* Vera Tobin, Elements of Surprise: Our Mental Limits and the Satisfactions of Plot (Harvard University Press, 2018)
* Bradley Irish, Emotion in the Tudor Court: Literature, History, and Early Modern Feeling (Northwestern University Press, 2018)
Before my summer abdication from blog duties, I briefly mentioned the Cognitive Futures event (info here), and one of the papers I enjoyed there was by Vera Tobin, whose book on surprise in fiction I have now finished. Around the same time, I heard from Bradley Irish, who had come across my blog post about the poet John Skelton and the way he works with disgust. He pointed me towards his new book, which looks at the writings of the Tudor court in the light of modern theories of emotions. I think these are both excellent, with many impressive qualities, but in this post I just want to pick out one feature of each.
Tobin brings a constructive and positive attitude to things that are sometimes disparaged. Surprises may seem like a rather cheap trick for authors to play on readers, but they can of course be handled in extremely subtle and sophisticated ways. In parallel, the cognitive biases that Tobin discusses are not treated, as they sometimes are, as ‘a form of moral weakness and failure’. Rather than seeing the short-cuts that can leave us open to deceptions and illusions as comic and/or culpable, she accepts them as functional, helping all that cognitive work get done without it becoming too much. So the interaction between surprise and the mind is not a set of gleeful but belittling exposures — how foolish we are, how exploitative literature is, how easily fiction’s features are explained, etc. — Tobin gives credit on all sides, takes things seriously, and still manages to write an entertaining study.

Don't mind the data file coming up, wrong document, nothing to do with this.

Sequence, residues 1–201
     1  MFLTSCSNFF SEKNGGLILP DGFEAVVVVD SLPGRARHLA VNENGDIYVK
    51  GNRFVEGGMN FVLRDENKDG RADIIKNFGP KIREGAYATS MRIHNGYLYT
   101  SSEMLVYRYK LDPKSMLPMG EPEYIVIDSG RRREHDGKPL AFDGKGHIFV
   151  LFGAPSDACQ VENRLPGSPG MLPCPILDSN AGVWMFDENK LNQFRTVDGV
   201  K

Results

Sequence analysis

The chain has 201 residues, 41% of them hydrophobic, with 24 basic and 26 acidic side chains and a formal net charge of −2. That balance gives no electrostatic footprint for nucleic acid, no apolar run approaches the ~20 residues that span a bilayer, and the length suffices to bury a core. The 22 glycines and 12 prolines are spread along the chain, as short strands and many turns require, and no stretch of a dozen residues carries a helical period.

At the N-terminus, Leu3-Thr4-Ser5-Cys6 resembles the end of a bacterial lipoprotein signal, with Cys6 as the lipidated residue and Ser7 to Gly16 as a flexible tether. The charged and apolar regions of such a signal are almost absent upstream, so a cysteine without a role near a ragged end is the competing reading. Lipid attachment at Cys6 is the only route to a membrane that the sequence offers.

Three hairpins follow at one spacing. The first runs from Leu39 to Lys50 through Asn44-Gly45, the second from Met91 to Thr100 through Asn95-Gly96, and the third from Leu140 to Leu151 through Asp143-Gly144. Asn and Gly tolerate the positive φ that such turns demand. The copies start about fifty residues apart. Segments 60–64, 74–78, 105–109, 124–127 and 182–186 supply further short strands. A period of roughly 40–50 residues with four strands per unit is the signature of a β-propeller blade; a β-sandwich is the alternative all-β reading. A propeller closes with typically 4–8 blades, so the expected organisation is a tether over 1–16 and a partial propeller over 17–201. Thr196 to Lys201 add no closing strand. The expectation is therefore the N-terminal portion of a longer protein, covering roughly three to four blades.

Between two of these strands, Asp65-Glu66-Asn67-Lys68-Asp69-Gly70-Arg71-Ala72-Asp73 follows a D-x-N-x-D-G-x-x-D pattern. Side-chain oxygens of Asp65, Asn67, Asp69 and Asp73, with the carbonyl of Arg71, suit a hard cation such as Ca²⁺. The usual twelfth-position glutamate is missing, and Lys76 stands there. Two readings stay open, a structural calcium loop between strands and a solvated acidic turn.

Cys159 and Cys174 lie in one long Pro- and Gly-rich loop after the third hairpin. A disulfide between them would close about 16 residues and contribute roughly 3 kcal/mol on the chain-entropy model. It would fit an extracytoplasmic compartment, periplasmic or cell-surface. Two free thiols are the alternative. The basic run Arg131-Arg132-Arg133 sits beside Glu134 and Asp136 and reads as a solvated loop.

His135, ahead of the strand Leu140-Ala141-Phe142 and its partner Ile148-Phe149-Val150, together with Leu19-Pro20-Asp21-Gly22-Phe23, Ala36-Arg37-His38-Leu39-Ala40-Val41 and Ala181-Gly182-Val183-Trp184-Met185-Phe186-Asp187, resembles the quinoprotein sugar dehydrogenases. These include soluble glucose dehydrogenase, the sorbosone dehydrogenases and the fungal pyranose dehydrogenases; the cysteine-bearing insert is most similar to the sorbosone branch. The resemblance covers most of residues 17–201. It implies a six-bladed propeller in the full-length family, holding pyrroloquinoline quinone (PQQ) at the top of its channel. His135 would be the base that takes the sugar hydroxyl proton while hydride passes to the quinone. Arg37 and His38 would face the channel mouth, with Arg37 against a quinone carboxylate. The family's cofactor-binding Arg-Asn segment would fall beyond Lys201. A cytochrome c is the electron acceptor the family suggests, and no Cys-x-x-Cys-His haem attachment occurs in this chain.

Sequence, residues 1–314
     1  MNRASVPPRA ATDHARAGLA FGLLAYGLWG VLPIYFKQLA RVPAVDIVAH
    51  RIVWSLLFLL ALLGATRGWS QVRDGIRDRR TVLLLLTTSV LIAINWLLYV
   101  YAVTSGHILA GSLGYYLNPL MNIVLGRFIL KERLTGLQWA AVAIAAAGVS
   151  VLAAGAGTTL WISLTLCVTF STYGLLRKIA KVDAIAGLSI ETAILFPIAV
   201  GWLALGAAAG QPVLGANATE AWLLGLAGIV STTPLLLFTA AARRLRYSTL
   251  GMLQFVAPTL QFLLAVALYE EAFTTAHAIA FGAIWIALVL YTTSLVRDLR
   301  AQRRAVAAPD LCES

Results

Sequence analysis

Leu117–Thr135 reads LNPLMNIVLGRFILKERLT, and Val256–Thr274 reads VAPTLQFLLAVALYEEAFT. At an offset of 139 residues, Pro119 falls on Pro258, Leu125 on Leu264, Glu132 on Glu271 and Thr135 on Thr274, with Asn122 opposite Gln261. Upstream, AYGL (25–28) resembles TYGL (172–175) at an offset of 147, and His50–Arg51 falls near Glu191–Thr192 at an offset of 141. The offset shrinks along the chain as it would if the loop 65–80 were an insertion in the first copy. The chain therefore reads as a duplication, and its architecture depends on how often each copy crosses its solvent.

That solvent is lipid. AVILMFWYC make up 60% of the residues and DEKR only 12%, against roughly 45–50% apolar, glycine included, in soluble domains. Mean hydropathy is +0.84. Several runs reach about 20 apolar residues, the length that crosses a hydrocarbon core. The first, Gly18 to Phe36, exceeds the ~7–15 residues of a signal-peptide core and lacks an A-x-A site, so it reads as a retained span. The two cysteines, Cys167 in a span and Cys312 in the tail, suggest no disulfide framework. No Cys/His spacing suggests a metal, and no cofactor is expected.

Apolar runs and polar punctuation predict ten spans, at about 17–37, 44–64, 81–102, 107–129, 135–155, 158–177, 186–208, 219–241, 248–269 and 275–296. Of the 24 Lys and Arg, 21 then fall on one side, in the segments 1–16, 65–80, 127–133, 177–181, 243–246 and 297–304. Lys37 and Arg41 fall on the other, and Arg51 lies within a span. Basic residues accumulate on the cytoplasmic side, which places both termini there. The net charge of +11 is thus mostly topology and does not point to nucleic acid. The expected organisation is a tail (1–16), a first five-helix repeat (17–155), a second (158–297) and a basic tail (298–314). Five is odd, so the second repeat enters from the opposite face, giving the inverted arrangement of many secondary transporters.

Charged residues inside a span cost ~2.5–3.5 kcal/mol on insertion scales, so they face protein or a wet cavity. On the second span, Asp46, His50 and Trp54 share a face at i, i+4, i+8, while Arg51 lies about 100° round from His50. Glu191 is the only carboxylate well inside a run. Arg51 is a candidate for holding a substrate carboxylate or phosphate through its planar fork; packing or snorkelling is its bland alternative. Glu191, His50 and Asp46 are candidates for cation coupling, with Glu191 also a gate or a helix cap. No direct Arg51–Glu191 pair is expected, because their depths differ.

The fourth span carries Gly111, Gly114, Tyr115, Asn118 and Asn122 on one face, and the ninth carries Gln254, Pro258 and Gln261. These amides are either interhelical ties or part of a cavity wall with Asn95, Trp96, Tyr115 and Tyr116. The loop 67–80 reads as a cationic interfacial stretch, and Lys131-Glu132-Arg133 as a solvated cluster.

The achievement I’d pick out in Irish’s book is the way he makes historical circumstances and cognitive perspectives interact so productively. I have often seen people worry that it’s not really feasible to illuminate the intricacies of life in the past with the findings of modern laboratories. For my part, I have felt that one can be attentive to the differences in past mental worlds, while also believing that there are qualities of human cognition that cross over chronological boundaries. Irish manages, I think, to make his 21st-century understanding of disgust, for example, more than plausible as a means of generating insights into the satirical writing of Henry VIII’s reign (including Skelton). Taking a cognitive turn might make one an even better observer of history.